Burial History, Thermal Maturity and Petroleum Generation History of the Lower Paleozoic Petroleum System in

the Saltpond Basin, Offshore Ghana*

Gerald Wemazenu Adda1, David Atta-Peters2, and Joel Ben-Awuah3

Search and Discovery Article #10709 (2015)
Posted January 26, 2015

*Manuscript received December 4, 2014; accepted January 5, 2015

Department of Geosciences, Petroleum Commission-Ghana, Accra, Ghana (gerald.adda@petrocom.gov.gh)
Department of Earth Sciences, University of Ghana, Legon, Ghana
Department of Geosciences, Universiti Teknologi Petronas, Bandar Seri Iskandar, Tronoh, Perak, Malaysia


The burial history, thermal maturity and petroleum generation history of the Saltpond Basin, offshore Central Ghana has been studied using 1D
basin and petroleum systems modeling of three well locations. Based on the results, the basin evolved from an intracratonic basin in Paleozoic
into a wrench-modified pull-apart basin by Late Jurassic - Early Cretaceous during the separation of Africa and South America continents. The
main generating source rock is the Devonian Lower Takoradi Shale Formation, which contains predominantly Type II kerogen. The timing of
petroleum generation and migration may have occurred as early as the Jurassic or in Early Cretaceous. A very narrow time window existed
between petroleum generation-migration and trap formation. Early- and peak-oil generation occurred simultaneously with trap formation in the
Early Cretaceous. Most oil generated during this period probably migrated into older traps, and only little oil and mainly gas may exist in
Cretaceous traps at the modeled locations. A comparison of modeled and measured vitrinite reflectance data suggests the effect of Jurassic
volcanism on source rock maturity was localized, affecting mainly locations where it intrudes the source interval.


The offshore Saltpond Basin, also called the Central Basin (Figure 1), occupies the central part of the Ghana continental margin. The basin
covers approximately 12,000 sq km and is one of the several wrench-modified pull-apart basins developed along the Gulf of Guinea margin
(Brownfield and Charpentier, 2006).

The Lower Paleozoic Petroleum System is the only known and proven petroleum system in the basin. The working play is the Devonian Play.
The source, reservoir and seal are the Lower Takoradi Shale Formation, Takoradi ‘A’ and ‘B’ Sandstone Formation and the Upper Takoradi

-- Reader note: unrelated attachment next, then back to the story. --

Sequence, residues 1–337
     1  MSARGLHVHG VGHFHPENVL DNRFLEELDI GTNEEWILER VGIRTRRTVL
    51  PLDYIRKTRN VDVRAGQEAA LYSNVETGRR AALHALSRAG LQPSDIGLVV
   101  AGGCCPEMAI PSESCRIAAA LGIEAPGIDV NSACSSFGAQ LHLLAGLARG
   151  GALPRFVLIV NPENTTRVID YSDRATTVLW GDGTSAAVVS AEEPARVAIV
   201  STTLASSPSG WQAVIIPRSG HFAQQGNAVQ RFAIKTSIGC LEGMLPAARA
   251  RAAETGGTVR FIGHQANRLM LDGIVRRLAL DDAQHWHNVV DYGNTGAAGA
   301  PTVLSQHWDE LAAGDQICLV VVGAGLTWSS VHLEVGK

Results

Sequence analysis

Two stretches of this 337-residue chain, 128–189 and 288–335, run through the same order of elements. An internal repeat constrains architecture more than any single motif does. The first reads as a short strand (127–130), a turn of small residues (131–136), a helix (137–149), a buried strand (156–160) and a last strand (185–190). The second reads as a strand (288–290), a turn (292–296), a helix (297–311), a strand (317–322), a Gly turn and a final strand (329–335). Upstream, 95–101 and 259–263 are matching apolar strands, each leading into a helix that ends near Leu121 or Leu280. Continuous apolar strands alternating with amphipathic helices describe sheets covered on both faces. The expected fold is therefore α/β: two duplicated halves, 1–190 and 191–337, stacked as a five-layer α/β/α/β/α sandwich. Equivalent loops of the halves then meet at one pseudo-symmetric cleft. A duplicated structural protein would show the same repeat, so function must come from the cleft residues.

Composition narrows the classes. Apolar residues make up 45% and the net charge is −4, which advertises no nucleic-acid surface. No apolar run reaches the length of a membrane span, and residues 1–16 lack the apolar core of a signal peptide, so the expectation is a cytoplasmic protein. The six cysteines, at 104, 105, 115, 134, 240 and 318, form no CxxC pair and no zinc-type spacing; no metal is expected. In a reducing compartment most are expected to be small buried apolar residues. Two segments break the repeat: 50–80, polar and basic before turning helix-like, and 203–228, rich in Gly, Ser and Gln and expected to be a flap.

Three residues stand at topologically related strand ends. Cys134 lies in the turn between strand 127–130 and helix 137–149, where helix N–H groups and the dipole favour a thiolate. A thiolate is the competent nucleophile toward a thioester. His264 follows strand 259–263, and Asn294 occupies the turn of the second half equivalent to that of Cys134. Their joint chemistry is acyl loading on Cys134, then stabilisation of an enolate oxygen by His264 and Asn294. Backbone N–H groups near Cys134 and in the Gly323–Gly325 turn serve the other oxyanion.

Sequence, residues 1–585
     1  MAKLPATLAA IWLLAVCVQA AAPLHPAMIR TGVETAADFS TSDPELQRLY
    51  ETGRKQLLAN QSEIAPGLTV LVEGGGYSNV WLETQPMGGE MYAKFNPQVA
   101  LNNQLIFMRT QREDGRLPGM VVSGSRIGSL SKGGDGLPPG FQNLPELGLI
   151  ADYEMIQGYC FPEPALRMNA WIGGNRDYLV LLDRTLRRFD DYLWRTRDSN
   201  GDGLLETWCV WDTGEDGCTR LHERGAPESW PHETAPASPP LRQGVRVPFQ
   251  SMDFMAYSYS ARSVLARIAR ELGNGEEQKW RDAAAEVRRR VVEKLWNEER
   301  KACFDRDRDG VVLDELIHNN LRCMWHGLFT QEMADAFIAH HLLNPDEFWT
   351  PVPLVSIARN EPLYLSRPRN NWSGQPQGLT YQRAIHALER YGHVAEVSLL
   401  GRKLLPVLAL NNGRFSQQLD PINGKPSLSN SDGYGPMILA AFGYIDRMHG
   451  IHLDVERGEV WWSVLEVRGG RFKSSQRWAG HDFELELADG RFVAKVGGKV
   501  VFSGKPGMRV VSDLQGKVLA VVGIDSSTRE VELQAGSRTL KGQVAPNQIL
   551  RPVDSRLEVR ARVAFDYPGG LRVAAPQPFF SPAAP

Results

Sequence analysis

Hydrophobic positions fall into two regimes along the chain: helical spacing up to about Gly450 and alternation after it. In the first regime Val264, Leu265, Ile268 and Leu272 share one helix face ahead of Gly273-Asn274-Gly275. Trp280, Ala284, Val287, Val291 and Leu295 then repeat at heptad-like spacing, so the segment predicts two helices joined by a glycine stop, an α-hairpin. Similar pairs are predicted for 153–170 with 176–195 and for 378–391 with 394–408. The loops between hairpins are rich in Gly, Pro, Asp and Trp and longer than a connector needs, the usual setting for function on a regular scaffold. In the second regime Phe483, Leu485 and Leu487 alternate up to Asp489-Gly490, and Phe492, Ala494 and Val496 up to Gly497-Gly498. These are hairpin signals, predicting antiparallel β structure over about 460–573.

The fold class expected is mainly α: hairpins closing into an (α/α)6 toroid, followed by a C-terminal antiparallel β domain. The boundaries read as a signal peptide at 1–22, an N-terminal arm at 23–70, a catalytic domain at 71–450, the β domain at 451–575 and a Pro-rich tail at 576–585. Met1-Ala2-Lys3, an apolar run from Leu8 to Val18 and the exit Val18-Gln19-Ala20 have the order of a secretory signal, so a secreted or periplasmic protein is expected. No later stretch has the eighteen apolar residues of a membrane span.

Shale Formation, respectively.

The paleo-water depth is an input boundary condition in PetroMod. Burial History Age Assignment The ages of the various stratigraphic units and regional unconformities were estimated using the Southern Ghana regional biostratigraphic and geochemical review of Ghana National Petroleum Corporation (GNPC. thermal maturity and timing of hydrocarbon generation of the Saltpond Basin. lithology type(s) and tops of the formations were estimated from the Stratigraphic and Geochemical Correlation of the study wells after GNPC (1998).. 2005). The paleo-water depth has been set to zero since the environment of deposition of the sediments in the Saltpond Basin has been interpreted as nonmarine to coastal marine (Asiedu et al. Methods Three wells (Figure 1) in the basin were selected and modeled using PetroMod 1D (version 11). This was done to simplify the modeling. One-dimensional (1D) basin and petroleum systems modeling involves simulating petroleum geologic processes of a basin through time by the use of a point location. a basin simulator. In the present study. and 3 show the well data used to construct the burial history curves. thermal maturity and timing of hydrocarbon generation can be predicted. (2009). including the South Wyoming Province (Roberts et al. 2. This procedure has been used to study the dynamics and reduce the exploration risks associated in known sedimentary provinces. The age boundaries were adjusted using the Geological Time Scale of Walker et al. The lithologies were in some instances generalized by selecting user-defined lithologies in PetroMod. The study also attempts to reasonably approximate heat-flow variation in the basin through geologic time using thermal maturity indicators and knowledge of the basin’s geological history. such as a well or a pseudo-well. These wells penetrate significant portions of the geological section of the basin and also maturity data is available to help in calibrating the model. ..Basin and Petroleum Systems Modeling (BPSM) is a predictive tool used to reduce hydrocarbon exploration risk (Al-Hajeri et al. Thickness and Lithology The thicknesses. as it controls the sediment thickness that can accumulate (Allen and Allen. In such simulations. 1998). 2005) and the North Alaska Slope (Schenk et. Tables 1. 2009). the burial history. al. 2005). It allows geoscientists to examine if past conditions in a sedimentary basin were suitable for hydrocarbons to fill potential reservoirs.. This parameter is essential in accurately studying the subsidence history of a basin. three wells are modeled in 1D to understand the burial history. 2011).